In continuing with our first entry in the “IndyCar Flashback” series on the 1986 Indianapolis 500, we’ll take a look at another memorable IndyCar race, the 1998 U.S. 500 at Michigan International Speedway. The always-interesting race had a few more twists, which would help cement its legacy as one of the most memorable of all time.
The first 500-mile race of the 1998 CART FedEx Championship Season, the U.S. 500 received a technological innovation that added to the event’s intrigue.
The Hanford Device, a spoiler added to the rear wing, added drag and decreased downforce. The result was a sizable increase in trap speeds (ABC Broadcast reported 247 MPH, an estimated 10-12 MPH above normal) and an even bigger slipstream (drafting effect).
ABC’s prerace broadcast showed cars in practice experiencing slipstreams from as much as half a straightaway between two cars. The slipstream factor also gave the drivers two added gear options. Instead of running the normal top gear throughout the race, two gears were added for usage in drafting behind one and multiple cars respectively. The anticipation was for a frantic race, with multiple lead changes per lap being the possible norm.
On the pole for the race was Motegi winner Adrian Fernandez, looking to secure the Marlboro Bonus for winning from his first career pole. The number ballooned to $400,000 over the course of the season without a victor.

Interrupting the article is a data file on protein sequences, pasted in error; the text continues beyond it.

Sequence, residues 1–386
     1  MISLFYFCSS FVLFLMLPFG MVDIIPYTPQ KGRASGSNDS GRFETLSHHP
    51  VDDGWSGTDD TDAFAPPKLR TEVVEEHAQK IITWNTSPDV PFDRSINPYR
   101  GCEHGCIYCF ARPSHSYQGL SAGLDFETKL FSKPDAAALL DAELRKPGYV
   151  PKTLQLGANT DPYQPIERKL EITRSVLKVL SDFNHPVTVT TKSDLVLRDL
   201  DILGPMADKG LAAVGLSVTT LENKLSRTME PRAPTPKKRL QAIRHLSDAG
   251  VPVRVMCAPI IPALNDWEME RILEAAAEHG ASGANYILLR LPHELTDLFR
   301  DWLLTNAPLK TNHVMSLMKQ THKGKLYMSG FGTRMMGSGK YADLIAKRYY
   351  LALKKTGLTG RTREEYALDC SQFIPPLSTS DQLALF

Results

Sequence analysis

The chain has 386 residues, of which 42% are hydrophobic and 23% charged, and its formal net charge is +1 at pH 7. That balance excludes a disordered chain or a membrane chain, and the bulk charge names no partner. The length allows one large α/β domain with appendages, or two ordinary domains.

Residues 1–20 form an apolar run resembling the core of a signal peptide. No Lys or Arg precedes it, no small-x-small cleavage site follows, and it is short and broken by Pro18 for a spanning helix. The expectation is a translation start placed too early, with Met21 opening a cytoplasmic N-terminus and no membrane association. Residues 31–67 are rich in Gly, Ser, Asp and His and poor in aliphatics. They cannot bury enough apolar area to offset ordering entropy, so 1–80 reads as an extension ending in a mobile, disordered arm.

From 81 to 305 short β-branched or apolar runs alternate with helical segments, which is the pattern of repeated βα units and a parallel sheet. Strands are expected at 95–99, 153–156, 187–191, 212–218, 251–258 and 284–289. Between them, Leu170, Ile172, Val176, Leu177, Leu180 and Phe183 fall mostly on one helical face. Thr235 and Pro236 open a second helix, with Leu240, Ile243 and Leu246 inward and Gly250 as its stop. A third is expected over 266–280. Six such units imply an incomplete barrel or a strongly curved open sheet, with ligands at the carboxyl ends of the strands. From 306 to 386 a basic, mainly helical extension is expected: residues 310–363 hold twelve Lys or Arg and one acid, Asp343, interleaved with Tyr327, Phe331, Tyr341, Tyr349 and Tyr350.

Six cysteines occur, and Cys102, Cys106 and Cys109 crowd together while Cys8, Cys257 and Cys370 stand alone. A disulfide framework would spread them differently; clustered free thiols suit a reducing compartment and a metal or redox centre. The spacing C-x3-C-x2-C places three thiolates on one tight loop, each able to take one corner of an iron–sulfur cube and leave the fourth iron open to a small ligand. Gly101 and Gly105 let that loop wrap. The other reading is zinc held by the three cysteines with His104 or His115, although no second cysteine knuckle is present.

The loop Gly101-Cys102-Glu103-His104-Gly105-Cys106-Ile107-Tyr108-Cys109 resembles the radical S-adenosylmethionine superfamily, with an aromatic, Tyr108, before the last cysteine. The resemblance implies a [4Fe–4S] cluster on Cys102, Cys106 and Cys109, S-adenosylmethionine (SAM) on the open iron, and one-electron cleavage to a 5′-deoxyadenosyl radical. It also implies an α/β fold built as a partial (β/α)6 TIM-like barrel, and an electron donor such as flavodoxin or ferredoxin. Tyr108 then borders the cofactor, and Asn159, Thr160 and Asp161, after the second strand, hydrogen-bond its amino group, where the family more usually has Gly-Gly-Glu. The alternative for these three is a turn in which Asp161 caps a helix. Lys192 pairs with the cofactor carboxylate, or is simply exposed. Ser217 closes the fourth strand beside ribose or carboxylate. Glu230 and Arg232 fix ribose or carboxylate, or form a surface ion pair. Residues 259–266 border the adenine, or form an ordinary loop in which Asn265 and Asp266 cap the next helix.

Experience proved to be a big factor early on in the race, as former Michigan 500 winners Jimmy Vasser, Al Unser Jr. and Michael Andretti led 58 of the race’s first 65 laps. During this time, Andretti would lead laps 38 to 65, the longest stretch any one driver would lead during the day, even more impressive was the fact that this was done without caution.
In fact, most of the race was run without major incident, as all four crash-related cautions were single-car incidents.
Unfortunately, as is the case with high speed races, the slightest issue can turn into a disaster, as Adrian Fernandez found out. On lap 176 Fernandez smacked the wall, an impact so hard one of his tires would clear the catch fence and enter the grandstands. Three people would be killed and six others injured as a result. Despite the crash, racing would resume.
The Ganassi dominance of 1998 would continue late into the race, this time with defending race winner and points leader Alex Zanardi pacing the field as the race reached its final laps. Zanardi would near Andretti’s stretch, as he spent 22 laps up front.
Vasser took back the lead on lap 225, with the Ganassi teammates swapping the lead seven times over the next 22 laps. Three laps after a late restart, Moore took back over the lead, and after Vasser lead the penultimate lap, Moore pulled away and beat Vasser by .253 seconds, with Zanardi in third. The race featured a record 63 lead changes, the most in an INDYCAR race until the 2001 Marlboro 500 at California Speedway.
In reviewing the race’s legacy, we will take a look at who and what made the 1998 U.S. 500 memorable and its place in history 20 years later.
Primarily responsible for the race’s success, the Hanford Device would be utilized for CART’s superspeedway races from 1998-2002, seeing time at Michigan and California, a track slightly flatter than Michigan but with otherwise similar characteristics.